As brands deal with more and more customer data, it’s increasingly important to handle this data in a way that respects user privacy. In fact, across the globe, there has been an increase in legislation ensuring that brands do so. Among the most well-known of those legislations is the EU's General Data Protection Regulation (GDPR), a landmark privacy initiative implemented in May of 2018 that aims to regulate the way businesses work with personal data.
GDPR’s impact on how brands go about their marketing activities lay at the heart of Beyond GDPR: Customer Relationships In A Privacy-Focused Age, a panel at Braze’s LTR 2018 conference. Gerret Braren from XING, Emily Diamond from Quartz, and Susan Wiseman from Braze spoke with moderator Jennifer Hill of Remedy Analytics about the ways GDPR is affecting how they do business. Here are five takeaways on what GDPR means for marketers:
1. Enabling greater customer visibility into their data
A brand that has been around for years likely has a vast store of data related to its users. GDPR pushes brands to make this data more visible and accessible to users. Additionally, it enforces that brands must make it explicitly clear what data they collect and how they plan to use it so that their customers are fully equipped to make the decision of whether or not to allow a brand to use their data.
For the team at XING, data visibility was a top priority in the wake of GDPR. So last year Braren and his team created a system where users could easily request to see the data that Xing had collected and stored and then, in an hour or so, receive a package that includes all of the data associated with their account. At Quartz, Diamond explains how publicizing their compliance and data practices on their policy page went a long way toward building user trust.
2. A chance to build long-term trust and relationships
Other panelists echoed these points about GDPR as a gateway to increased user trust. As a result, GDPR has helped brands cement deeper long-term relationships with their customers, assuming they embrace the principles behind this initiative.
“If you are looking to build long-term relationships with customers, respecting their wishes, being transparent with them about what you're doing with data, and fully embracing the concepts behind the GDPR and most data privacy laws actually helps you to improve relationships and increases loyalty,” says Wiseman.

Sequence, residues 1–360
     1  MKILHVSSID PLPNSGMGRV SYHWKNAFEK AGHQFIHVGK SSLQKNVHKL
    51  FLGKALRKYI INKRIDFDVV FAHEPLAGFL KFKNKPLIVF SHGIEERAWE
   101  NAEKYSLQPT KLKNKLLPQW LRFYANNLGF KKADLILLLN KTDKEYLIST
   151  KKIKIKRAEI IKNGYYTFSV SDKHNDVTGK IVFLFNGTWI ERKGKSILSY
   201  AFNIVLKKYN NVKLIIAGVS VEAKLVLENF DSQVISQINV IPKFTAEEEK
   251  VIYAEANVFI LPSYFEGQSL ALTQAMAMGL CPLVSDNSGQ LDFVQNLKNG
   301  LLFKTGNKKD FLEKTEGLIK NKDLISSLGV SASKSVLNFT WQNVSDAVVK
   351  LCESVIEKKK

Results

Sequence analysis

3. Finding trusted vendors
Once GDPR was passed, it was up to brands to make sure they were working with the right people. That meant assessing the vendors they were relying on and ensuring compliance. And for data processors like Braze, GDPR meant taking a proactive approach and making sure they were that trusted vendor.
“No one wants to buy a solution that’s going to put them in breach of law, and no one wants to be the first company that is having the data protection authorities bring action against them,” says Wiseman. In order to avoid this and build trust with clients, Braze rebuilt their product so that it was easy for customers to use it in a GDPR-compliant way.
Braren mentions that his team had vendors that they had to “practically kick in the butt” to get them up to speed on compliance. And he emphasizes that this process was a major headache. “It's really something you should look at very early on,” says Braren. “And don't sign any contracts if you're not sure that this is a company you can work with the next couple of years.”
4. It’s time to put data in a global context
The panelists were quick to note that GDPR symbolizes the way data has truly gone global: It’s borderless, mobile, and fast. In response, companies have to think broadly and globally about the way they handle data—in a way that possibly transcends GDPR.
“Data is all over the world, and there really are no borders,” says Wiseman. “So it’s not just about GDPR anymore. It’s a whole world of global privacy laws — and how do we, as a data processor, comply with data processing laws throughout the world and protect data?” This is the question at the heart of GDPR, and brands are finding that it takes a global mindset to answer it.
5. Continual upkeep and innovation
Becoming compliant is only the first step—but in the end, the panelists truly saw GDPR as a way to keep improving and finding new ways to handle user data responsibly.
“This is an ongoing process,” says Wiseman. “You have to continually innovate. And as you are growing products, as you're getting feedback from customers, as you are building new products, you have to make sure that those products are going to respect privacy.” In short, growing and gaining new data sources means tech companies need “continuous upkeep” to ensure they’re always respecting user privacy.
Brands should see GDPR as an opportunity — to look inward, evaluate their practices, and innovate in new GDPR-compliant ways. At the end of the day, it’s a win for brands and customers alike. Want to learn more about GDPR? Read Braze’s Privacy Predictions for 2019.